The Arty Semite

Nancy Spero and Leon Golub: A Politically Relevant Artistic Couple

By Benjamin Ivry

  • Print
  • Share Share
Abe Frajndlich

The painters and married couple, Nancy Spero and Leon Golub, epitomize the concept of engaged political action through art. The problems addressed in their works, from political torture to ethnic cleansing, are ever-more timely and unresolved. Although Golub died in 2004 and Spero last year, it is only natural that both are present in New York now. An April 18 commemoration of Spero at Cooper Union will be joined, from April 23 to July 23, by “Leon Golub: Live + Die Like a Lion?”, an exhibit of Golub’s late drawings and an unfinished chalk sketch depicting two lions, at New York’s Drawing Center.

As explained in Ori Z. Soltes’s astute “Fixing the World: Jewish American Painters in the Twentieth Century,” Golub, who served in the Army during World War II, was indelibly marked by seeing images of liberated concentration camps. As Golub is quoted in Soltes’s study, his tragic subject matter as interpreted in violently energetic figure drawing, would be “warrior-citizens in the most extreme of human conditions, the response to terror. Dachau, Hiroshima, Vietnam…”

Golub also painted fascist and Communist tyrants like Franco and Mao Tse Tung, in the “know your enemy” spirit. Unforgiving about police interrogation techniques and the use of napalm in Vietnam, Spero was motivated by an enduring moral conscience, as explained in Jon Bird’s concise “Leon Golub: Echoes of the Real”.

As was Nancy Spero also, whose studious works are like innovative visual scripture. Spero’s “Masha Bruskina,” a 1995 acrylic on linen now in the collection of the Jewish Museum, pays tribute to a 17-year-old Russian Jewish partisan executed by the Nazis in 1941. Spero’s 1991 lithograph on paper from the same collection, “Ballade von der Judenhure Marie Sanders” (“Ballad of Marie Sanders, the Jew’s Whore”), illustrates a poem by Bertolt Brecht (set to music in 1934 by Jewish composer Hanns Eisler) about a gentile woman punished for having an intimate relationship with a Jew. Sensitive and fragile, but with a strong work ethic, Spero continued her artistic investigations after the death of Golub and even now her focus on political violence, like that of her husband, makes both eternally relevant.

Watch Nancy Spero interviewed as part of a PBS documentary below.


Permalink | | Share | Email | Print | Filed under: Nancy Spero, Leon Golub, Masha Bruskina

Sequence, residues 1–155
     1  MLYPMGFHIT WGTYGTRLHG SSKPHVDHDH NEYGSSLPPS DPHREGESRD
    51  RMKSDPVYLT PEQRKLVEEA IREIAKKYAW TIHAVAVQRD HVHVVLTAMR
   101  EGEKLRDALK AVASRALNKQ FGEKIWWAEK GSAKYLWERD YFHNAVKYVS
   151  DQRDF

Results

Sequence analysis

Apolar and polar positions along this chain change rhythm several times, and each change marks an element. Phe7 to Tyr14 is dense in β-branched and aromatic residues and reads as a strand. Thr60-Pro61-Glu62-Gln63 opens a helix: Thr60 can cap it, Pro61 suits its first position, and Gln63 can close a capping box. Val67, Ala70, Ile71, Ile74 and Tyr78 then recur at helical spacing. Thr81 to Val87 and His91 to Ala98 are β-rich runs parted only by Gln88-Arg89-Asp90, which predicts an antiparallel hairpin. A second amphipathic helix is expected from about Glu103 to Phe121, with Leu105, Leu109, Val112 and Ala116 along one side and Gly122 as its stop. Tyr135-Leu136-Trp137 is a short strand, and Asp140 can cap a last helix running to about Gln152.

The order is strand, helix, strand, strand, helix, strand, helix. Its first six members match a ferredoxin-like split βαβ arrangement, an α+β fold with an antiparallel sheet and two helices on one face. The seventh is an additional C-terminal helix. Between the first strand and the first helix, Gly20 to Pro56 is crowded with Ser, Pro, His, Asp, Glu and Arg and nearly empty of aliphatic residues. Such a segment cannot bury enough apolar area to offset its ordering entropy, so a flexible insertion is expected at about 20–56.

The Jewish Daily Forward welcomes reader comments in order to promote thoughtful discussion on issues of importance to the Jewish community. In the interest of maintaining a civil forum, The Jewish Daily Forwardrequires that all commenters be appropriately respectful toward our writers, other commenters and the subjects of the articles. Vigorous debate and reasoned critique are welcome; name-calling and personal invective are not. While we generally do not seek to edit or actively moderate comments, our spam filter prevents most links and certain key words from being posted and The Jewish Daily Forward reserves the right to remove comments for any reason.




Find us on Facebook!
  • "Selma. Nearly 50 years ago it was violent Selma, impossibly racist Selma, site of Bloody Sunday, when peaceful civil rights marchers made their first attempt to cross the Pettus Street Bridge on the way to the state capitol in Montgomery, Alabama." http://jd.fo/r50mf With the 50th anniversary approaching next spring, a new coalition is bringing together blacks, Jews and others for progressive change.
  • Kosovo's centuries-old Jewish community is down to a few dozen. In a nation where the population is 90% Muslim, they are proud their past — and wonder why Israel won't recognize their state. http://jd.fo/h4wK0
  • Israelis are taking up the #IceBucketChallenge — with hummus.
  • In WWI, Jews fought for Britain. So why were they treated as outsiders?
  • According to a new poll, 75% of Israeli Jews oppose intermarriage.
  • Will Lubavitcher Rabbi Moshe Wiener be the next Met Council CEO?
  • Angelina Jolie changed everything — but not just for the better:
  • Prime Suspect? Prime Minister.
  • Move over Dr. Ruth — there’s a (not-so) new sassy Jewish sex-therapist in town. Her name is Shirley Zussman — and just turned 100 years old.
  • From kosher wine to Ecstasy, presenting some of our best bootlegs:
  • Sara Kramer is not the first New Yorker to feel the alluring pull of the West Coast — but she might be the first heading there with Turkish Urfa pepper and za’atar in her suitcase.
  • About 1 in 40 American Jews will get pancreatic cancer (Ruth Bader Ginsberg is one of the few survivors).
  • At which grade level should classroom discussions include topics like the death of civilians kidnapping of young Israelis and sirens warning of incoming rockets?
  • Wanted: Met Council CEO.
  • “Look, on the one hand, I understand him,” says Rivka Ben-Pazi, a niece of Elchanan Hameiri, the boy that Henk Zanoli saved. “He had a family tragedy.” But on the other hand, she said, “I think he was wrong.” What do you think?
  • from-cache

Would you like to receive updates about new stories?




















We will not share your e-mail address or other personal information.

Already subscribed? Manage your subscription.